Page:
Hans Christian Andersen wrote a fairy tale about a young woman who was tested to determine whether or not she was truly a princess.  You may be familiar with the story:  “The Princess and the Pea”.  Actually, the literal translation of the title of his story, from Danish to English, is “The Princess on the Pea”, and that title describes the story more clearly.  If you are unfamiliar with the story, or would like to refresh your memory, click the following link:  https://www.youtube.com/watch?v=waw0U9tKpW0.  You will watch a very short and concise summary of the story with sketches.  The “pressure test” proved positive and the prince married the princess.  Don’t you love happy endings?

As you can well imagine, it’s going to take much more than a “pea” to prove that Jesus Christ is the Messiah, the King of heaven and earth.  During this conversation with the leaders of the Jews, Jesus has already given them three “signs”, or witnesses of His deity, and He has three more to go.  “Like 3 peas in a pod”, these next three witnesses are very closely-related to one other  Let’s see what else He has to say about Himself in this passage of Scripture:  John 5:36-40.

I.  THE MIRACLES (verse 36)

The Lord Jesus has already shared with them His own witness concerning Himself, and also John the Baptist’s testimony about Him.  But the courtroom imagery isn’t over yet.  Jesus is still surrounded by His accusers for healing a person on the Sabbath, and they are still not convinced that He has the authority to do such things on the Lord’s day.

Jesus now presents His own works as proof that He is the promised Messiah, the Son of God.  In verse 36 we read, “But the witness which I have is greater than that of John; for the works which the Father has given Me to accomplish, the very works that I do, bear witness of Me, that the Father has sent Me.”  When we think of Jesus’ works, we naturally think of His miracles because they were examples of His divine power.  As Nicodemus said to Jesus in John 3:2, “No one can do these signs that you do unless God is with him.”   We are told in John 10:41 that John the Baptist worked no miracles.  However, the Bible does record specific miracles performed by ordinary men, such as Moses, Elijah, and the apostles Peter and Paul.  Do those miracles also prove that they are also sent from God?  Yes, they do, but none of these men ever claimed to be the Son of God.  No true servant of God would ever make that claim; but Jesus did, and His mighty works are evidence that His claim is true.  One who is able to raise the dead by the words from His mouth must have all power, and the One who sent Him must be God.  His works are a “greater witness than that of John” – being stronger, and more decisive evidence. 

The word that is translated “works” in my Bible, is the Greek word “erga”.  This word encompasses more than just the miracles of Christ.  It includes His whole purpose for being sent by the Father – including His birth, life, teachings, death, and resurrection.  It refers to His whole ministry on this earth.  We see that perspective in the words that Jesus says in His prayer to the Father in John 17:4, “I have glorified Thee on earth, having accomplished the work which Thou hast given Me to do.”  The Lord Jesus was a Man on a mission.  What about you?  What is your mission in life?  Have you given it much thought? Have you ever put your mission in writing so that you can compare it to the way you live each day:  the way you use your time, spend your money, choose your friends?  You might find that to be a challenging and rewarding assignment.  The Lord Jesus is giving us an Example to follow.  His mission must have been very clearly delineated in order for Him to be able to confidently say that He had accomplished it.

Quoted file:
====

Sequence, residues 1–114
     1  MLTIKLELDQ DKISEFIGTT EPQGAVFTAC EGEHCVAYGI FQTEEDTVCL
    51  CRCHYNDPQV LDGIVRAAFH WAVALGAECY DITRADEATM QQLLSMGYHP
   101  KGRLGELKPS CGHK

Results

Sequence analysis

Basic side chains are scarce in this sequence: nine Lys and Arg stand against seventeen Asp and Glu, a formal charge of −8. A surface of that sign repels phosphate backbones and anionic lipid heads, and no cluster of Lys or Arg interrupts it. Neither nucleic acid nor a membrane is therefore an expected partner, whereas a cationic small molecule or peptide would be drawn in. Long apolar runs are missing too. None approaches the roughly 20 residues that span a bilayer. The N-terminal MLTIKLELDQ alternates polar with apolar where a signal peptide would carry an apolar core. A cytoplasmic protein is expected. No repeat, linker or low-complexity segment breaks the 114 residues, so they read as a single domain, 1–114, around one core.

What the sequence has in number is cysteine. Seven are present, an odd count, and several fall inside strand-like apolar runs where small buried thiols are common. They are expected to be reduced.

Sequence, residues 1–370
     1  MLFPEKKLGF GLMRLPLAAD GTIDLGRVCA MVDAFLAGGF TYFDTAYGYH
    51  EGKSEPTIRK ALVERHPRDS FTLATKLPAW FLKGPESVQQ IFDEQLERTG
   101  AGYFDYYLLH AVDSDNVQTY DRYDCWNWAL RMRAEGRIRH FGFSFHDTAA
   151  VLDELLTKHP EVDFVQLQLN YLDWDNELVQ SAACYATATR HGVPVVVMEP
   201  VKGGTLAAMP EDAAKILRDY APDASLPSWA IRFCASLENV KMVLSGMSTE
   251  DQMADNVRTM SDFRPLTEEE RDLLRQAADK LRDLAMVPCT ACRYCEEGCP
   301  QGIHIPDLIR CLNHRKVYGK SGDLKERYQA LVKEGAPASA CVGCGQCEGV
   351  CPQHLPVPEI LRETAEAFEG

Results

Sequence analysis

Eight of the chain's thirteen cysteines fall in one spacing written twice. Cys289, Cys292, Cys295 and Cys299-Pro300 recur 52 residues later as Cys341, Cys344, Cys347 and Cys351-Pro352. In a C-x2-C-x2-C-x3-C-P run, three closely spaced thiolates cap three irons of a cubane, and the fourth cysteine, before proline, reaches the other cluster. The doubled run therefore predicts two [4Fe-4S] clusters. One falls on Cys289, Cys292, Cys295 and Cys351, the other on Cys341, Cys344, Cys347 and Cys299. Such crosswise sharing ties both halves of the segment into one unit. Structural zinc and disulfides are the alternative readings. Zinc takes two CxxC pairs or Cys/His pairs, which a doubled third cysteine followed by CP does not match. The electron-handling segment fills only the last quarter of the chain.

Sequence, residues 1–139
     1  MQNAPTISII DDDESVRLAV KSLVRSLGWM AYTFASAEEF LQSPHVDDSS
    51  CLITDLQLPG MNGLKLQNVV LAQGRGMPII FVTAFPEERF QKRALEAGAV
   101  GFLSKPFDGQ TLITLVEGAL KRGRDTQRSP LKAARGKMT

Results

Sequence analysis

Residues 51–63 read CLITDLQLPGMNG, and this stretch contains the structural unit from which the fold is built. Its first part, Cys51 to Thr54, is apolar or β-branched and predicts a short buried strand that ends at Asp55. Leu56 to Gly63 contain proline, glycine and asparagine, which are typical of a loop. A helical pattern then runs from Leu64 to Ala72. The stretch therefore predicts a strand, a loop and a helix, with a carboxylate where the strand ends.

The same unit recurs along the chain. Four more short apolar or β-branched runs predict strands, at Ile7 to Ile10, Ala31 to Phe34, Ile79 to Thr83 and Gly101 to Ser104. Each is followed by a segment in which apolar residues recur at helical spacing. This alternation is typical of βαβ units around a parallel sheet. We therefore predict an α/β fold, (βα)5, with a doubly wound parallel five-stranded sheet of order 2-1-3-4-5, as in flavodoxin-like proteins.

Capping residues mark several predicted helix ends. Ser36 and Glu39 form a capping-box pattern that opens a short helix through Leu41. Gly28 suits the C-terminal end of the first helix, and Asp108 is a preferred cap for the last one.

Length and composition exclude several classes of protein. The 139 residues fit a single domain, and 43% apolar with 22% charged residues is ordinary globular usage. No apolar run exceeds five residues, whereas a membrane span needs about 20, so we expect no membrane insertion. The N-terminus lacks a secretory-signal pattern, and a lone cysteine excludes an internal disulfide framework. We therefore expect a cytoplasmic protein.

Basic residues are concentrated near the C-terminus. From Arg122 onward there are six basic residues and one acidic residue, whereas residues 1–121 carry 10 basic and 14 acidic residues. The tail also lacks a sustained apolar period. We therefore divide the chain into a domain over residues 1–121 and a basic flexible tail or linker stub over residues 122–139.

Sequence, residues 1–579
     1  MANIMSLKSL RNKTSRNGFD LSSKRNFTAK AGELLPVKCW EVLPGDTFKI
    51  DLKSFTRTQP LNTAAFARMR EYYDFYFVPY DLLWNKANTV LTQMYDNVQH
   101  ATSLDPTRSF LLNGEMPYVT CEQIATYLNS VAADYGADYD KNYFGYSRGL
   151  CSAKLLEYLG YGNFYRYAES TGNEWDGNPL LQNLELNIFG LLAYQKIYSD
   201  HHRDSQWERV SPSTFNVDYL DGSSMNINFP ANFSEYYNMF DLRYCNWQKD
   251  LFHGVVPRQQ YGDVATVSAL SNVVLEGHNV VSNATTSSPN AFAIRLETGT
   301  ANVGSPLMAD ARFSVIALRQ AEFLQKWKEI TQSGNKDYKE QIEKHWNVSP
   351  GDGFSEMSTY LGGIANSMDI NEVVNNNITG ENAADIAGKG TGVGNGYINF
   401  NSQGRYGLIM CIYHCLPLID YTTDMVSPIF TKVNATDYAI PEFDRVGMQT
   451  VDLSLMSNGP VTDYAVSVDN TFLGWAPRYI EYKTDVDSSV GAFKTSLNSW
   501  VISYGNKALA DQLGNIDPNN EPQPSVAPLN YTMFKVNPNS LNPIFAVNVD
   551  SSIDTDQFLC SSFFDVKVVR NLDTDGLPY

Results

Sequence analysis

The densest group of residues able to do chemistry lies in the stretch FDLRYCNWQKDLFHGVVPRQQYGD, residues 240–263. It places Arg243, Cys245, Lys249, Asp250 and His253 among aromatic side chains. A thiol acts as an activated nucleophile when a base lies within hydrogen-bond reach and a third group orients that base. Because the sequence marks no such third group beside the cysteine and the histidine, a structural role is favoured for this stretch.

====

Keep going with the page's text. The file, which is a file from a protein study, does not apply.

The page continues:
II.  THE WITNESS OF THE FATHER (verses 37-38)

The next witness that Jesus brings to their attention (again) is God the Father.  He has called God His Father many times already, and their response has been anger and threats.  They don’t want to believe His words;  they don’t even want to hear them!  I’m amazed at Jesus’ patience and persistence, because He tells them again for the umpteenth time!  Here are His words in verse 37:  “And the Father who sent Me, He has borne witness of Me.  You have neither heard His voice at any time, nor seen Him.”  

Jesus is still surrounded by the leaders of the Jews.  That’s an intimidating situation for Him, but He will not back down from His claims, and He will not deny Himself nor withhold His witnesses!  He keeps telling them the truth whether they like it or not!  Let’s look at the first phrase in verse 37:  “And the Father who sent me”.  I believe that Jesus is saying, “I’ve already established the fact that the Father sent Me.  Let’s move on!  It’s no longer a theorem but a fact!”  You may be familiar with the abbreviation QED.  It comes from the Latin words, “Quod erat demonstrondum”, which mean, “what has been demonstrated”.  When my high-school math teacher wrote QED in large letters on the blackboard after solving a math problem, he was saying, “It’s been proven!  It’s obvious!  Let’s move on to the next problem!”

Moving on, I can sense, from Jesus’ words and the way He phrases them, that He is getting angry at the hardness of their hearts.  We’ll see that anger increase until it reaches a crescendo in verse 40.  This is no “gentle reproof” that He’s about to express to them.  It’s a scathing rebuke!  I think I even see some sarcasm and irony in His words also.  As we look at HIs words more closely, I think you’ll agree with me that “they had it comin’ to ’em!”